Betting exchanges are fast becoming the betting outlet of choice for many professional and recreational sports bettors. The versatility that you get form an exchange is like no other; and it’s this versatile which appeals to such a wide audience.
An exchange works by offering the punter the chance to both back and lay a result. So where a traditional bookmaker only allows you to back a results (as they lay the result) an exchange allows you to essentially become your own bookmaker by setting your own lines on a host of different sports.
Since the first exchange hit the betting industry in 2001, the concept has risen to massive heights and companies such as Betfair are now turning over hundreds of millions in terms of revenue each year. In fact, the exchanges are starting to pull in as much as the traditional bookmakers; an astonishing feat considering they make their money by charging a small commission on every bet. Essentially the outcome of a result on any market is irrelevant as a result of this commission, meaning it’s easier for an exchange to promote more sports and in turn, more markets.
Advantages of using a betting exchange
The first and probably biggest advantage exchanges have over their rivals is that more often than not, they have much more favorable odds. The main reason for this is that the people setting a line will be just regular bettors and they will unlikely be looking to set a line which needs to be of a certain percentage of money going on to that market; like bookmakers do.
To break this down a little more, let’s say our local high street bookmaker had set a line on Manchester United to win the Premiership at 3/1. But we know our local bookmaker is going to be getting every margin out of their price as possible, so in reflection the true odds may be around 4 or even 5/1. It’s much more likely that someone is going to lay the larger price on an exchange as it still poses good value to them and there is no need for them to sap every molecule of value out of setting a line.
We briefly mentioned earlier in the article how betting exchanges didn’t actually deal with the price at all due to it being between two separate people. As a result it’s so much easier for an exchange to open up a new market and set it away. They have no need to get anyone to research the competition, set the odds and adjust the odds as money starts to roll in. They make their commission no matter what the result, so it’s actually in their interest to open up as many markets as possible for their users. Obviously the bigger markets such as your football, tennis and horse racing will be fairly well covered anyway, but sports such as floorball, bandy and volleyball are much more of a niche but are still all available on the exchanges.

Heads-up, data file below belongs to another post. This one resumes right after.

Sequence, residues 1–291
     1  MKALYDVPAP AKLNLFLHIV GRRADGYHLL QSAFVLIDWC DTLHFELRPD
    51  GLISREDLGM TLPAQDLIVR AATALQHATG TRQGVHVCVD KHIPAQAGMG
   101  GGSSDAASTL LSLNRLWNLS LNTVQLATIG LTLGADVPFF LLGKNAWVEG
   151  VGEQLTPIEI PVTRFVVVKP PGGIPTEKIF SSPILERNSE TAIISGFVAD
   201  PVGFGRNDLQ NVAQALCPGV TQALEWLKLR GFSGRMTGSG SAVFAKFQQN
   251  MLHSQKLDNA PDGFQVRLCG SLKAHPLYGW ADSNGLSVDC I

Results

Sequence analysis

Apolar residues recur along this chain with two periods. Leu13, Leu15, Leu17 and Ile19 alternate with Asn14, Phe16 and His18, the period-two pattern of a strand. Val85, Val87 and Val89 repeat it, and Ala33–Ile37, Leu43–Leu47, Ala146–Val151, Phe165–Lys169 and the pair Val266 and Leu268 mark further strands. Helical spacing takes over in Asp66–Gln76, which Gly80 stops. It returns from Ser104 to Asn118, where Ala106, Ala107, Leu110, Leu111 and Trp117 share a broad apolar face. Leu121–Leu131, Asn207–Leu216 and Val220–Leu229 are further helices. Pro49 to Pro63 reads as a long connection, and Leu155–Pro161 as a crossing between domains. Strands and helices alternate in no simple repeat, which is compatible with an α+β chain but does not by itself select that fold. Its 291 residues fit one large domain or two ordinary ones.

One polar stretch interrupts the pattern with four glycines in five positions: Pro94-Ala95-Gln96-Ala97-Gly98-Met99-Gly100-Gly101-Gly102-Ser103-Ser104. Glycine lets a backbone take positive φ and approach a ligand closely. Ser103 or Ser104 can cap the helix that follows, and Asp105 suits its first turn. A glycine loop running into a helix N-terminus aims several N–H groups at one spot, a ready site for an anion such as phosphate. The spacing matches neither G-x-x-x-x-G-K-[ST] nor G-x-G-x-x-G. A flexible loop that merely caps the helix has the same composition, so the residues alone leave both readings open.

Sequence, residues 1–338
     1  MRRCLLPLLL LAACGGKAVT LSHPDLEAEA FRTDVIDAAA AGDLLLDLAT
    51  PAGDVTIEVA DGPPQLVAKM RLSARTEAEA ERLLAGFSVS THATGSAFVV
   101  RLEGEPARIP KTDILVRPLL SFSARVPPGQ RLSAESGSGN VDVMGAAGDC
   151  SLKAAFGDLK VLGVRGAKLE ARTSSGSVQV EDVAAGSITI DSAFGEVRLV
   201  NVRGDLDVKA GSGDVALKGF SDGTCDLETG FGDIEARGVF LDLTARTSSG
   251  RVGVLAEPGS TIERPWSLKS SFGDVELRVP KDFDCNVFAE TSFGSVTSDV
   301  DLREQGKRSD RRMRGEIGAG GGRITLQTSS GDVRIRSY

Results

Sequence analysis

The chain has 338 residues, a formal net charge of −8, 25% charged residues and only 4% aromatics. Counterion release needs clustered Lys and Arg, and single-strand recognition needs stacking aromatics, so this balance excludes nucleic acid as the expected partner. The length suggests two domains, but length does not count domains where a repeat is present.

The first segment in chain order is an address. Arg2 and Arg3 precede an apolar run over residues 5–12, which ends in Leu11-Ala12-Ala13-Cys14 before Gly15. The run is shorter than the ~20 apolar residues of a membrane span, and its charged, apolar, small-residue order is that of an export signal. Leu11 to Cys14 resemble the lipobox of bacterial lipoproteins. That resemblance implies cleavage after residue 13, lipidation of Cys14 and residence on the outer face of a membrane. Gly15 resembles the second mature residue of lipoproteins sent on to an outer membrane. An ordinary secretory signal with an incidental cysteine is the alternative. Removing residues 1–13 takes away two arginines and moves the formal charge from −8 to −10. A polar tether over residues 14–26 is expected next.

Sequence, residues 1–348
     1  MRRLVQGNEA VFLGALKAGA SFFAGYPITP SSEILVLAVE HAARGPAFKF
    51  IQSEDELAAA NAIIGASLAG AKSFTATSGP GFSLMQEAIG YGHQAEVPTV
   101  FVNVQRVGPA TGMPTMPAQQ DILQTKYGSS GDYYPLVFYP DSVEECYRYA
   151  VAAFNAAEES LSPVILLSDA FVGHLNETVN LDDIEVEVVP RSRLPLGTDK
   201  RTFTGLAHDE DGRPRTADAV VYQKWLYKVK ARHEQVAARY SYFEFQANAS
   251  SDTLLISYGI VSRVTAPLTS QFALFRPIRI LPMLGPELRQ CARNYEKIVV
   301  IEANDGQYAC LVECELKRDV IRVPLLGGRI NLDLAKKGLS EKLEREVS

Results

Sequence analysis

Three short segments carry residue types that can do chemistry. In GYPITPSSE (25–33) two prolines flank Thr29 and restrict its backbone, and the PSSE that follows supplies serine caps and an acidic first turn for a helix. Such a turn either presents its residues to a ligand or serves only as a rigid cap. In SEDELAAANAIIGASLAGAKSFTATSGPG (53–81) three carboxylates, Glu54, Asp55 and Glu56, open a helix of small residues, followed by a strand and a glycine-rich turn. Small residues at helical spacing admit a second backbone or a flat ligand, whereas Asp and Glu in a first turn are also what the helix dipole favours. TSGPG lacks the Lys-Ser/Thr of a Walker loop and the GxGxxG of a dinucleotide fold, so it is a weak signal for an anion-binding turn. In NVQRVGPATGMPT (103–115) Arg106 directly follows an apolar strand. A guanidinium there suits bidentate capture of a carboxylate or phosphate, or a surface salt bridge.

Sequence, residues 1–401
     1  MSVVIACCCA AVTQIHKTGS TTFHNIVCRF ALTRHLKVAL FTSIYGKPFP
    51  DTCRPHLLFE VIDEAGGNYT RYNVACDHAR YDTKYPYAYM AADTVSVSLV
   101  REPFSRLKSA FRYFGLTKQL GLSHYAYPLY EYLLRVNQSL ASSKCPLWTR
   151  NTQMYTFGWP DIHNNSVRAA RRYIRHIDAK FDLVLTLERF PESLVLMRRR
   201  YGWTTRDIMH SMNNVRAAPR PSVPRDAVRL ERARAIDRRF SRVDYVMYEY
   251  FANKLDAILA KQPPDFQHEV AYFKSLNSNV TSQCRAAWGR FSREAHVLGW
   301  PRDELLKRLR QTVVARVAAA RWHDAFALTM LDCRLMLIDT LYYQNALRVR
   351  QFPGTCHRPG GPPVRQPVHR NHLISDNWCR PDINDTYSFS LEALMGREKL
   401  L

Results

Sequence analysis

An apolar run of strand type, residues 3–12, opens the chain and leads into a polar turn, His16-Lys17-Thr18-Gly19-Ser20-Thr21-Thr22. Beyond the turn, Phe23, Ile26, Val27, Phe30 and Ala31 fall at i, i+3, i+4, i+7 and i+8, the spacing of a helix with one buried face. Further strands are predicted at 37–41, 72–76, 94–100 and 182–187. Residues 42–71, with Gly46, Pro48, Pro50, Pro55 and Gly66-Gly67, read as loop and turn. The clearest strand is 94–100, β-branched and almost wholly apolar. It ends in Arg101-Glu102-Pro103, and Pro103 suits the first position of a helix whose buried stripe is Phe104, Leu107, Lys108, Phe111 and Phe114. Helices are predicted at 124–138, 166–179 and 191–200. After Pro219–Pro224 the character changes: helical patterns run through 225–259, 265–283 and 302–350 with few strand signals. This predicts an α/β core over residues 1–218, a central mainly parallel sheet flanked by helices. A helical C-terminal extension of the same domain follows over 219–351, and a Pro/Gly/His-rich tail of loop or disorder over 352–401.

Guaranteeing a profit on any result is something all bettors dream of. Usually with your traditional bookmaker you have to let any result ride until the bet is settled. With an exchange you can guarantee your profits because of course you can lay bets as well. Betfair have recently implemented a ‘Cash Out’ feature on certain markets. This allows you to basically take a guaranteed profit (or loss) from that market at just the click of a button.
Disadvantages of a betting exchange
The biggest downside to the betting exchange is the commission you have to pay on all winning bets. Now this can range depending on which exchange you use – many exchanges will use their commission structure as a bartering tool to get new users – but will generally range between 3% and 5%. Whilst this seems like a nominal figure over time it will add up, especially if you are a successful bettor. Whilst traditional bookmakers don’t charge commission on their bets you have to bear in mind that more often than not the exchanges will have better odds to start with. So it’s important to work out, after commission, which will be more profitable for you.
The only other real negative of the betting exchange is the lack of betting specials. A lot of bookmakers will likely give you an enhanced price special on certain sports markets; such as three way accumulator, best industry odds on certain horse races or enhanced football specials. As exchanges don’t actually set their own lines then it’s impossible for them to do this because it’s impossible for them to say exactly what the odds will be as it’s out of their control.
Top Betting Exchanges
Betfair – There’s of little doubt in the industry that Betfair is at the top of the pile when it comes to betting exchanges; and by some distance. Their market coverage is simply staggering and away from betting they have a dedicated live streaming service, betting blog with some of the biggest names in sport writing for them, a brilliant betting app and a strong betting community behind them.
Ladbrokes – Ladbrokes is probably the next alternative to Betfair. The biggest draw to Ladbrokes is that they only charge 4% commission in comparisons to Berfair’s 5% on winning bets. This is actually quite a big jump, especially for high volume bettors where just a few per cent can really add up. It also means that there is leeway for the odds to be slightly less if need be due to the lower commission.